At this point, the Poudre is largely out of commission given that it is mostly covered in ice. While you will find the occasional open run, it is in your best interest to fish elsewhere until conditions improve. Another option would be to hit the North Fork, below Seaman Reservoir, which is a tailwater, where ice is less of a concern and you can fish year round. Regardless, the mornings have been and will continue to be slow from a productivity perspective so there is no hurry to get to the water. Let it sit in the early hours and hit the water after 10 am when things start to warm up and the bugs and fish start moving. Nymphing with simple searchers or attractors at the lead like a Flashback PT, Guide’s Choice Hare’s Ear, Perdigon, Rainbow Warrior or red Copper John to one or more smaller midge larva or pupa imitations have been our preferred starting point as of late and should continue to produce consistent results. You’re going to want to fish the deep and slow water most of the day. However, during the warmest hours of the day you’ll want to lighten the load and hit the water closer to the surface with an emerger. Keep in mind, however, that flows are low and trout are skittish and selective. As such a dry dropper or hopper dropper will be an effective option given that they will make less of a disturbance on the water.
The Poudre River, or Cache La Poudre, gets its name from the local legend dating back to the 1830’s when a crew of French explorers made their way along the river and found themselves in a blinding snowstorm. In order to cross the river and make their way to safety, they were forced to “cache la poudre”, French for stash the powder, leaving behind their heavy gunpowder kegs. The story goes that the explorers returned the following spring to find the gunpowder undisturbed. Subsequent travelers heard the story and the name stuck.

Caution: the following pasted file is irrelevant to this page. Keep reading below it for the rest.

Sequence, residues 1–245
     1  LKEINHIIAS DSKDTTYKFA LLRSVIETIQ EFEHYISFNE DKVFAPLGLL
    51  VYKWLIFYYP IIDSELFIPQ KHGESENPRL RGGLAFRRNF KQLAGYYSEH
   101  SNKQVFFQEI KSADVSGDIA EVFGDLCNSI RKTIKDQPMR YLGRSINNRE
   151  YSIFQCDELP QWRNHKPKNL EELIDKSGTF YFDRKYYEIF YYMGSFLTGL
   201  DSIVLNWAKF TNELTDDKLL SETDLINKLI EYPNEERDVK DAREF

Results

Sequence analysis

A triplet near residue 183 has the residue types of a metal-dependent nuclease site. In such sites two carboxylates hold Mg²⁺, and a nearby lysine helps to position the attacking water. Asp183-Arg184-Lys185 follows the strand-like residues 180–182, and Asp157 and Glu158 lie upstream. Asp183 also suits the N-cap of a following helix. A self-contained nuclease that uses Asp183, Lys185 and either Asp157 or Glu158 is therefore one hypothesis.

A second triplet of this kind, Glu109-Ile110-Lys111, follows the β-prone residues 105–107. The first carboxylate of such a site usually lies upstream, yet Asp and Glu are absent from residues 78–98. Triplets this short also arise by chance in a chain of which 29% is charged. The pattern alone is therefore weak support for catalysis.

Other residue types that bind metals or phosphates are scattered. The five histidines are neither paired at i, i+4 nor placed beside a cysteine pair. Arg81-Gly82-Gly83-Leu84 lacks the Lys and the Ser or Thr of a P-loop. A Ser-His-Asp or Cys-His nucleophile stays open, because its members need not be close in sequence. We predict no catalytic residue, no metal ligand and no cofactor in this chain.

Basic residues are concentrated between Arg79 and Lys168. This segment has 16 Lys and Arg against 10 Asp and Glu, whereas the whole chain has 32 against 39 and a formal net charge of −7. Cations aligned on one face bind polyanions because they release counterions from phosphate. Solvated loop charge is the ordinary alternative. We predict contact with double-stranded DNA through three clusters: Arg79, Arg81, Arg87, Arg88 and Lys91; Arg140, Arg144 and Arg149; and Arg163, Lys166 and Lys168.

The Poudre is a freestone river that originates in Rocky Mountain National Park. From the headwaters, the river travels North until it reaches the small unincorporated town of Kinikinik, in western Larimer County, before turning east making its way through the Poudre Canyon toward Fort Collins. Here you’ll find a combination of fast runs and riffles as well as some wide and comparatively slow water. While the fishing is great near the park, for the sake of this report, we’ll be referencing the stretch through the Poudre Canyon. In general, you should manage to find some solitude most of the year. However, the summers are particularly busy and you’ll find yourself sharing the water with other outdoor recreationalist via raft, kayak and tubes.
The Poudre is relatively forgiving and beginner friendly. While a number of sections come with heavy brush, it isn’t hard to find open water and is easily accessible from the banks. It is home to a strong population of brown and rainbow trout, but has been known to hold a few cutbows and greenback cutthroats the closer you get to the park. While you can fish the Poudre most of the year, the late spring, early summer and fall present the best conditions. In the winter months, barring extreme cold, you can fish the lower canyon as the water is deeper and less prone to freezing. The Poudre experiences the standard Colorado hatches with midges hatching throughout the year, mayflies in the late spring through fall, and caddis and stoneflies in the summer. While you can’t go wrong with a standard double or triple nymph rig, the late summer and early fall present some great hopper dropper opportunities. Additionally, streamers are particularly effective in the spring and fall.
While the lower and upper canyon present slightly different terrain, the Poudre is one of those rivers where you really can’t go wrong in terms of access points. There are a number of great public access points off of Highway 14 and we strongly encourage you to start exploring. If you are coming from Fort Collins, head north toward Laporte on Hwy 287 until you reach Hwy 14. From there, drive up the canyon until you find a suitable pull off. In general, the further you’re willing the drive, the fewer crowds you will see and the less pressured the trout will be